On the subject of intelligent design and irreducible complexity. Wouldn't an intelligent designer be irreducibly complex? He/she/it couldn't possibly have evolved.
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Re: The Impossibility Argument
« Reply #193 on: October 20, 2013, 06:44:25 PM »
My thoughts:

Humans design things with the capacity for repair because we know we aren't perfect and they'll actually need repair. Which is certainly an intelligent way to do things.

An intelligent designer of everything, on the other hand, has a much greater capacity to design things that do not require repair.
I appreciate your thoughts on the subject, magicmiles.  I am still hoping DrTesla will answer the point I raised, but I'm more than happy to engage with you in the meantime.

There are problems with this outlook.  The one I'm going to talk about in this post is that humans are anything but perfect and thus very often have built-in 'defects' as well as a serious need for 'repair'.  There are a huge number of potential problems that we can suffer from, not to mention serious injuries, and there's no easy way to heal those problems.  Someone born with poor eyesight was stuck with it for most of human history, for example, until we figured out that curving glass in certain ways could help correct certain kinds of vision problems.  But even then, other kinds were irreparable for most of human history.  It's only very recently that we've managed to come up with ways to deal with more serious vision problems (such as cataracts, or people who are born without a working cornea).

I speak of this from personal experience.  My eyes started degenerating when I was five or so.  Before I was twenty, my vision without correction in both eyes was worse than 20/1000.  That means that if I was looking at something 20 feet away, it was as if a person with normal eyesight was looking at something a thousand feet away.  Yes, I could see normally with glasses, but I had no peripheral vision whatsoever.  Even as little as 50 years ago, I would have had to wear glasses all my life.  A thousand years ago, I would have been out of luck unless I happened to be born to a rich family which could hire servants to help me deal with my vision problems.  I wouldn't have been able to learn to read or write, either, because those both require working vision.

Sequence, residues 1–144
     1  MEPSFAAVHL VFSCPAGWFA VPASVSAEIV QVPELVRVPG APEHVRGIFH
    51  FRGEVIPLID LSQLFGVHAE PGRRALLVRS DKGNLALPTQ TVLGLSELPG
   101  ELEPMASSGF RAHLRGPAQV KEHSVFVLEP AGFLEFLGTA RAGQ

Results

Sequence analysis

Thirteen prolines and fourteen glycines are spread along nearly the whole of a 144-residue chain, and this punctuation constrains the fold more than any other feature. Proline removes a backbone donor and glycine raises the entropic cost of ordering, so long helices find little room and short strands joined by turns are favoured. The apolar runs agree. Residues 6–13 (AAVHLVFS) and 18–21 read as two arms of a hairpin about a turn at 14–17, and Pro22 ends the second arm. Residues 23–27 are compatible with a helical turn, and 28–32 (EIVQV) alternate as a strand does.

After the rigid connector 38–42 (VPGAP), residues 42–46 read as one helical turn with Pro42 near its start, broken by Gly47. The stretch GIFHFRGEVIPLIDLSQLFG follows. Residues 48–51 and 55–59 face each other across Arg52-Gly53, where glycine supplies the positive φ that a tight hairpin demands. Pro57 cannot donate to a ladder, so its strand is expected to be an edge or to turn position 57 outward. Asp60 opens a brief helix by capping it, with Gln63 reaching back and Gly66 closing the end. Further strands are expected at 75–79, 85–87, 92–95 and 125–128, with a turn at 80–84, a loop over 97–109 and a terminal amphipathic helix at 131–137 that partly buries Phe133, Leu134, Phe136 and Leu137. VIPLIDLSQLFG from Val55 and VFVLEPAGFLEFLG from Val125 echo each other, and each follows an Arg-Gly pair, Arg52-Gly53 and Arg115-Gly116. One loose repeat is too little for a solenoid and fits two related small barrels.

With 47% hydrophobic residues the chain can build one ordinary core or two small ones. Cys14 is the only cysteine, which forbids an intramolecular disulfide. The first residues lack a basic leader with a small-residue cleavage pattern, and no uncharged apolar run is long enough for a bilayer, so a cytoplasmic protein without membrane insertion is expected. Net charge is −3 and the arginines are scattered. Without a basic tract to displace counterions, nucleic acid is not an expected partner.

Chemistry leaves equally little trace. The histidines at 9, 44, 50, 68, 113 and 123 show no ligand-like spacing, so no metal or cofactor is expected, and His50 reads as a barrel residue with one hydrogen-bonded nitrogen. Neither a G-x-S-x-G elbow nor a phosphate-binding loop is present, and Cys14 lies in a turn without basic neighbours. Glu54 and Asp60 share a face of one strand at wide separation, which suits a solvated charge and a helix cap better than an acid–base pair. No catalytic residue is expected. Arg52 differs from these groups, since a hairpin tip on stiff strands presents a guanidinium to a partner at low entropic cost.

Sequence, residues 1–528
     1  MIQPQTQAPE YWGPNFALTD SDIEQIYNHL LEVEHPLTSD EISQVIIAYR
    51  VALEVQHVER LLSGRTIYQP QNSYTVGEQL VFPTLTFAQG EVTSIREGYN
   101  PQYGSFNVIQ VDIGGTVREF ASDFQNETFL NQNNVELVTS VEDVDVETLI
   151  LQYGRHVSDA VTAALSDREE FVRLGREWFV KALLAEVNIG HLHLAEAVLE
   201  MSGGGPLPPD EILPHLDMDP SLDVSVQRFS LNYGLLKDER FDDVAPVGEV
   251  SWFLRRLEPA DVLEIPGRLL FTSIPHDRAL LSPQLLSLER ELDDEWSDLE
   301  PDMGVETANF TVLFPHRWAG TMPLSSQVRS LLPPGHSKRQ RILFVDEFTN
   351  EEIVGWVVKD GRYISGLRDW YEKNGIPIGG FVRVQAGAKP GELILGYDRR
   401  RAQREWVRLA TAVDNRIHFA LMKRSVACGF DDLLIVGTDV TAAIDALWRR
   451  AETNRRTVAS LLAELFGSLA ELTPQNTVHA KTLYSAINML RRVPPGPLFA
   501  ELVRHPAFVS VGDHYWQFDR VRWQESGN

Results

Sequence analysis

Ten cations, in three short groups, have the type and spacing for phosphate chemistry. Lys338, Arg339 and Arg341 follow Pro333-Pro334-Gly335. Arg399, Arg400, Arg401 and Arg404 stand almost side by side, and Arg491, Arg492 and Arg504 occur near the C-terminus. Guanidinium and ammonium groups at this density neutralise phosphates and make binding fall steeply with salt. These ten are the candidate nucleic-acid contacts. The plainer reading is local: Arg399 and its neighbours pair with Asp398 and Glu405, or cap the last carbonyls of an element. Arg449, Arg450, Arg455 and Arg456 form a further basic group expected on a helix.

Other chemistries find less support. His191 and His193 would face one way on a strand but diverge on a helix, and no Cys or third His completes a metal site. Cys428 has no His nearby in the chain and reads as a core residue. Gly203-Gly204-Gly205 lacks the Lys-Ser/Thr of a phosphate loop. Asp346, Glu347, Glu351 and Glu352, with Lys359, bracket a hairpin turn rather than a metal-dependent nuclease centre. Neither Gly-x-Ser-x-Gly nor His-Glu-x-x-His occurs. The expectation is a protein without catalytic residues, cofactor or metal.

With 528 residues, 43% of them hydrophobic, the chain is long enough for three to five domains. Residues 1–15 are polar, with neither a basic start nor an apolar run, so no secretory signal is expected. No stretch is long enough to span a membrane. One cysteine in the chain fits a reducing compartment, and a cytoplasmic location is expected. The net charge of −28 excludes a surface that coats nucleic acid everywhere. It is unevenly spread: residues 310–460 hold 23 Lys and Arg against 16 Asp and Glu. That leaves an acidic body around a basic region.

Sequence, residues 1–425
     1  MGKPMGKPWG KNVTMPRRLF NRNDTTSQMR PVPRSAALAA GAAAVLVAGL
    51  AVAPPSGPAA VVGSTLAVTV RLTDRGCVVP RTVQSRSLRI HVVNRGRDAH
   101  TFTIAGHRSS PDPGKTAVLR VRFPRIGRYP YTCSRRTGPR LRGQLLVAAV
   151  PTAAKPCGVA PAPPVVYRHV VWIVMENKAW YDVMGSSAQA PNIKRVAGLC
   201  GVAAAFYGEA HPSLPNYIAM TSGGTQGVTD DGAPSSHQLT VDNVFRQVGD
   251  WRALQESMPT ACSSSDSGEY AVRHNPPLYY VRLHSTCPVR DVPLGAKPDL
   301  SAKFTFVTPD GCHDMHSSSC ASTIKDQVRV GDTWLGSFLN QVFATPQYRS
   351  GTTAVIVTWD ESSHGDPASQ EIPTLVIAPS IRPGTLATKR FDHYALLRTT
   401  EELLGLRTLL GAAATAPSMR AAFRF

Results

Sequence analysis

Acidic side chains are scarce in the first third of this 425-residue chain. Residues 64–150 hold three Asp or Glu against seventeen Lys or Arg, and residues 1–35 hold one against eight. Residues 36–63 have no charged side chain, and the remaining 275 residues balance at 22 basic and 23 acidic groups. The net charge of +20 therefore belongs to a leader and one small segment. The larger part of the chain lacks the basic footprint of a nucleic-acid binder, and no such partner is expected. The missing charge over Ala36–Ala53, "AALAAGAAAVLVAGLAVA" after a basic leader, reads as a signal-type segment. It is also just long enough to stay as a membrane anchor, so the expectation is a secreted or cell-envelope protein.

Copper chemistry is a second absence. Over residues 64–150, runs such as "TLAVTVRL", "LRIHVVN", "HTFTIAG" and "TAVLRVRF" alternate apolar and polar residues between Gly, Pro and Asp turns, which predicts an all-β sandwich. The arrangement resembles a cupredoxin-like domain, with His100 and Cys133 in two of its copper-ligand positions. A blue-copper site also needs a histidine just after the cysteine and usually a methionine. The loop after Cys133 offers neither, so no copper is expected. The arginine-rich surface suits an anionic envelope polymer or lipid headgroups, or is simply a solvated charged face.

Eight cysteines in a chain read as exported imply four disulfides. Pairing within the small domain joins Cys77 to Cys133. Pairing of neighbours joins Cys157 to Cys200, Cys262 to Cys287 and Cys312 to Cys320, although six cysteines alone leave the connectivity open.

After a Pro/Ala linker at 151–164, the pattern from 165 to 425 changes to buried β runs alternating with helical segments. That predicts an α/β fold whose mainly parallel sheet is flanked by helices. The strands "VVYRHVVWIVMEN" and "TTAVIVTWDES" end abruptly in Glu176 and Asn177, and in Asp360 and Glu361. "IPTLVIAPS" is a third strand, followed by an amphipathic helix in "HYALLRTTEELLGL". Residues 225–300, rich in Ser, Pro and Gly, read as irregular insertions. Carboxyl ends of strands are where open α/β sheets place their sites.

As it was, I was lucky enough to be born during a time when they actually had figured out how to surgically implant artificial lenses in the eyes.  That gave me near-normal vision.  And even with it, I still have issues relating to the surgery.  If I rub my eyes too much, I can damage the clamps that hold the lens in place which knocks it out of place.  I had that happen once - and it was awful.  Imagine having half of one eye's vision at normal, and the other half at 20/1000.